During the day, I take the little back alleys to get to the main stretch, La Avendia de Cultura. These alleys aren't normal alleys, because many people have the entrances to their homes here. They're just not marked on a map. In between these alleyways are hidden parks. There's a park I cross by on my walk with a little enclosed sanctuary, and in the sanctuary is a statue of Our Lady of Fatima. We cross ourselves and say a little prayer as we walk by, and usually there are a couple of Quechua women sitting nearby with things for sale. I'll upload a picture of my walk sometime!
Usually, especially in these back streets, the "perros callejeros," street dogs, like to roam. A good portion of the dogs in Cusco are homeless, but most of the dogs I encounter on my walk have owners. Their owners like to let them out to run around and explore all day. This is something that many people back home would not understand, but it's interesting! It seems to me that many people in Cusco think it's not natural to keep a dog indoors. Dogs want to be outside after all; it's their nature.
How do I know that these dogs have families? Aside from the fact that they look well fed for the most part, although not always well groomed, so many of the dogs here wear clothes! The other day, I saw a dog wearing a jumpsuit running like he was on a mission. Just yesterday, as my host mom and I stopped to buy eggs, there was a shaggy dog wearing a Batman costume. Remember, it's cold here. The altitude is over 11,000 feet, and it's approaching Winter. Many of the dogs need to wear clothes in order to stay warm. Regardless, it's funny.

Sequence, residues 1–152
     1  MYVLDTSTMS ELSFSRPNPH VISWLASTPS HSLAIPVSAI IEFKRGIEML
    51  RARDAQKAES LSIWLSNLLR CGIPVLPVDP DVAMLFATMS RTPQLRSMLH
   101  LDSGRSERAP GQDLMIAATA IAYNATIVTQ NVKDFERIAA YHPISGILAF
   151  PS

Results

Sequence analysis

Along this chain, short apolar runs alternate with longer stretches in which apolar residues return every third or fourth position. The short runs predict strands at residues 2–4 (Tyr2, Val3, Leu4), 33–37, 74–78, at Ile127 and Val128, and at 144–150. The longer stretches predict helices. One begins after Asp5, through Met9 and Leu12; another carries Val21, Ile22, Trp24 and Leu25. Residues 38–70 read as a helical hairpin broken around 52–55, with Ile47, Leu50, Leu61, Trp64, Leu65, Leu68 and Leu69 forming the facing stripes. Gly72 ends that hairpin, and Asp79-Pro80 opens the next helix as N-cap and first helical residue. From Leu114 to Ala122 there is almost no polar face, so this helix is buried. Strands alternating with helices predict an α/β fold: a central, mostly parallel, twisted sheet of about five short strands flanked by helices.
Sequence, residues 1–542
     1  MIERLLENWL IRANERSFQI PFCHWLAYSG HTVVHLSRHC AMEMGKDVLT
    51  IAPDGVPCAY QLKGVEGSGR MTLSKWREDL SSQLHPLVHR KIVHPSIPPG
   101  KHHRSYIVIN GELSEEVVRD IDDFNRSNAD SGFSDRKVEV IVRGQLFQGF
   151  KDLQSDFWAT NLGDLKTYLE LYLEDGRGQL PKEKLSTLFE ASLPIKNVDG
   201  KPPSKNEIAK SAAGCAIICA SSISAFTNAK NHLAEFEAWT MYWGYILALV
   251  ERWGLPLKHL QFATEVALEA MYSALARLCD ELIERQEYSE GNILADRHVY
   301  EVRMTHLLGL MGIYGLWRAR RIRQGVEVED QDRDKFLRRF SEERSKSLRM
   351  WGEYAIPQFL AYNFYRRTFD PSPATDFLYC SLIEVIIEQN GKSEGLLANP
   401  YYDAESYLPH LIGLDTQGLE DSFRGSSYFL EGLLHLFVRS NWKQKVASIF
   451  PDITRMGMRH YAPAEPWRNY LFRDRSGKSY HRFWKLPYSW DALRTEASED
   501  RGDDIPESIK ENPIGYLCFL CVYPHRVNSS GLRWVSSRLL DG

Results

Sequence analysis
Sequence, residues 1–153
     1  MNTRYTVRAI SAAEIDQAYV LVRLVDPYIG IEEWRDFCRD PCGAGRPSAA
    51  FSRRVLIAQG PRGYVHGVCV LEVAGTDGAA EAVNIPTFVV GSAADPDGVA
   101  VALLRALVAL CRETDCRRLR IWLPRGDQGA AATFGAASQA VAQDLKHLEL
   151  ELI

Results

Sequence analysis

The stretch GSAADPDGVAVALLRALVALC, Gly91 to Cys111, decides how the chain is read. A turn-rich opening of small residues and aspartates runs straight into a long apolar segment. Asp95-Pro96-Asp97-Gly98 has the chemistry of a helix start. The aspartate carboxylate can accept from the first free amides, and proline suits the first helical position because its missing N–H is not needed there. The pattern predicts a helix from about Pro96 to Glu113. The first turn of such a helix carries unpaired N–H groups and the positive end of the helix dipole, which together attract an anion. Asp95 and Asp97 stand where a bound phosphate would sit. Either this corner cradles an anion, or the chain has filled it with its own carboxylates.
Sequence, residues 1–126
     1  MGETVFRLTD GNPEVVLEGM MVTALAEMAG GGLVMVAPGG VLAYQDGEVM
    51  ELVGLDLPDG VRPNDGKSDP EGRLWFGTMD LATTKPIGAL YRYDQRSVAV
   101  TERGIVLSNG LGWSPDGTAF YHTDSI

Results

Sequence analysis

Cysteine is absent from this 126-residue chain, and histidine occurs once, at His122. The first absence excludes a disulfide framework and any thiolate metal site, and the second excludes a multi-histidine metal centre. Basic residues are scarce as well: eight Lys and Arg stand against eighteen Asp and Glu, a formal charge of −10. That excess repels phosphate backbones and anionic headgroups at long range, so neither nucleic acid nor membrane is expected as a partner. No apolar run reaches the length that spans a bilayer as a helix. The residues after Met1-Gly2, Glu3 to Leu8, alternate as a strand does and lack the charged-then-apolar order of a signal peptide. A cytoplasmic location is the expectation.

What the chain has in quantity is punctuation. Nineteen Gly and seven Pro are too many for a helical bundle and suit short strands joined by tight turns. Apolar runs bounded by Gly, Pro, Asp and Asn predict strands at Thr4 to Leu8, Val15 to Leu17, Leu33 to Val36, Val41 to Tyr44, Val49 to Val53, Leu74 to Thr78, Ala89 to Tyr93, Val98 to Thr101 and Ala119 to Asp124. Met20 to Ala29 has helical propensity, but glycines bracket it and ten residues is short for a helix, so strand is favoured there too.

The dog in my house, Chana, wears clothes as well even though she stays indoors. That's because central heating and air doesn't really exist here, so it's even colder inside than outside during the day.
I really need to take pictures of all the interesting things I encounter on my daily walk. For example, across the street is this really morbid looking park. There are huge painted metal slides that resemble dragons, and scattered in between the other rides are demented tribal-looking faces on poles. Beside the park is another place, El centro de cultura. It's a small building where there are gatherings, birthdays, and even funerals. Tonight is El concurso de payasos. Clowns! Yikes...
|Chana on my bed|
You can get a picture of what it's been like day to day. It's very familiar but very strange at the same time. I really am on the opposite half of the globe.